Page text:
In this collaborative project, we aim to innovate culinary tools by incorporating a unique feature inspired by Studio Jinhyun Jeon’s work, SENSORY STIMULI. The design involves the integration of several bumps at the bottom of the spoon, strategically positioned to interact with the taste buds. Our goal is to enhance the taste experience by infusing these bump stimuli with ligands known to trigger sweetness. We have conceptualized a method where sweetness-inducing ligands are permanently bound to the culinary tools, enabling the stimulation of sweetness receptors (T1R2 and T1R3) without necessitating the consumption of sugar or artificial sweeteners. Our research has identified various ligands, including monosaccharides, disaccharides, amino acids, sweet proteins, and synthetic sweeteners, all capable of activating the sweet-sensing receptors. Through this project, we aspire to explore the potential of this innovative approach in elevating the culinary experience by offering a healthier alternative to experiencing sweetness.

Concept

The structural design of Sugarware is deeply intertwined with the form of sugarcane, a plant responsible for 79% of global sugar production and contributing to 40% to 60% of domestic sugar output. Sugarware is a stackable, taste-enhancing spoon designed as a substitute for artificial sweeteners, and it boasts remarkable features crafted from the residual waste of sugarcane. Drawing inspiration from the growth mechanisms of sugarcane, where the leaf spindle is enveloped within the sheaths of older leaves, forming a spiral-like shape as it grows, the spoon's stackability feature is further enhanced. This design not only mirrors the natural structure of Sugarcane but also opens up possibilities for versatile applications.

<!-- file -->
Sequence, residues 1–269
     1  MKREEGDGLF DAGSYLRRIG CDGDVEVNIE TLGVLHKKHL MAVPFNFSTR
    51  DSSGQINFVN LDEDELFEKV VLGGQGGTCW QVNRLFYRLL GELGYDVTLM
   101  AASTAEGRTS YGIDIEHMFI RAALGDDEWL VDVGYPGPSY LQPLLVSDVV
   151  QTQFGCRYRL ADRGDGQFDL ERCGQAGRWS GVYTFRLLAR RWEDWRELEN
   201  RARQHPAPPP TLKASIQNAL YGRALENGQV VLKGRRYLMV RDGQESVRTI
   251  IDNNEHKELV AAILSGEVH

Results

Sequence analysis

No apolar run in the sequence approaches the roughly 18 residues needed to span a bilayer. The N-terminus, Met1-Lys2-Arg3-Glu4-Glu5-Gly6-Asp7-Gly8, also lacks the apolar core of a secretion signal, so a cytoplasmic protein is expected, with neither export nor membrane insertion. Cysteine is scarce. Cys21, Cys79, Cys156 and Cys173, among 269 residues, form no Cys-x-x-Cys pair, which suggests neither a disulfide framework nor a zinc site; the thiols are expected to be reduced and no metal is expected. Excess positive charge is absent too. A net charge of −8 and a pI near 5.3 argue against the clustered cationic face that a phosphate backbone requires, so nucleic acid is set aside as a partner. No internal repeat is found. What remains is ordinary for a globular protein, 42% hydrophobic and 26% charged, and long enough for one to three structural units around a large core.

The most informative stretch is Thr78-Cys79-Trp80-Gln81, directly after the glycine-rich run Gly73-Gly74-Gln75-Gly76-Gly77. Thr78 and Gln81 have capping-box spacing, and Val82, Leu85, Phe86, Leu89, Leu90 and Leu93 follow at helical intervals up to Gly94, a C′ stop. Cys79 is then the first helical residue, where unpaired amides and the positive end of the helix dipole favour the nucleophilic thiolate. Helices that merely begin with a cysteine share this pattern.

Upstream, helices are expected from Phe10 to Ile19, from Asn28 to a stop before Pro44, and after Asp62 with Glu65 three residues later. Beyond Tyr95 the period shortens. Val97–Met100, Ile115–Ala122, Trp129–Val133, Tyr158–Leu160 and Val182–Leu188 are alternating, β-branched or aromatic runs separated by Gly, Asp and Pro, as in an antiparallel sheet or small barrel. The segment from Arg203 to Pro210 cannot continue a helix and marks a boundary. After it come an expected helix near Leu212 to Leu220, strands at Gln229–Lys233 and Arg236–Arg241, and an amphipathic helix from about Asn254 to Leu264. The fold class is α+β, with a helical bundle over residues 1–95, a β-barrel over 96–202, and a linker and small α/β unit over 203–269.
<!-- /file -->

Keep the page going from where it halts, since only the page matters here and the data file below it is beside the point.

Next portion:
Potential Material Exploration

Potential Material Exploration

  • In order to circumvent the excessive utilization of fossil-based resources, the plentifully accessible renewable lignocellulosic biomass presents itself as a viable alternative, following the valorization of its carbohydrate and lignin components into retrievable high-value products like biofuels, bio-chemicals, and various associated materials.

  • In order to circumvent the excessive utilization of fossil-based resources, the plentifully accessible renewable lignocellulosic biomass presents itself as a viable alternative, following the valorization of its carbohydrate and lignin components into retrievable high-value products like biofuels, bio-chemicals, and various associated materials.

Concept Explained

This project was initiated and awarded in Biodesign Sprint 2022 with Student Runner-Up.It  has also been receiving different press opportunities and has been featured in Scientific American, Bioeconomy.xyz, etc.

Concept